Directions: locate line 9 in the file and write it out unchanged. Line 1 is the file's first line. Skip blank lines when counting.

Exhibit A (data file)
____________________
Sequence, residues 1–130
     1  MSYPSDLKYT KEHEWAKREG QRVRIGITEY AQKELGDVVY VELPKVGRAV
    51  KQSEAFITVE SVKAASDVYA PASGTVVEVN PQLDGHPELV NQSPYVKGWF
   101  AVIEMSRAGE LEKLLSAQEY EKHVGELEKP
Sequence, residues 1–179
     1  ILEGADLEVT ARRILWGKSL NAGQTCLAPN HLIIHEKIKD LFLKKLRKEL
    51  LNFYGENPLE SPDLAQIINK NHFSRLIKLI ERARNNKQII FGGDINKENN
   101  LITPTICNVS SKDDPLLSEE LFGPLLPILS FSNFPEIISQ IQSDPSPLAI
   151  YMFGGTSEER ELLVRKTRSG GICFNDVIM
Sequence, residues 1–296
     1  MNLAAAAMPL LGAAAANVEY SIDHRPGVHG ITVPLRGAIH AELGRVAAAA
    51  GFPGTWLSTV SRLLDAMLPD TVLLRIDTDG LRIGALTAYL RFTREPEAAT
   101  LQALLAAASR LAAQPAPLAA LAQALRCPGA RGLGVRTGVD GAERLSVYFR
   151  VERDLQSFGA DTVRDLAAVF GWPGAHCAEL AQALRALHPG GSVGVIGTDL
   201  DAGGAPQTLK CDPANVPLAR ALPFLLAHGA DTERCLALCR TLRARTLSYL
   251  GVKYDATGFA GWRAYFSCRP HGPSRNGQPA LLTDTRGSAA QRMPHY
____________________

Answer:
   151  YMFGGTSEER ELLVRKTRSG GICFNDVIM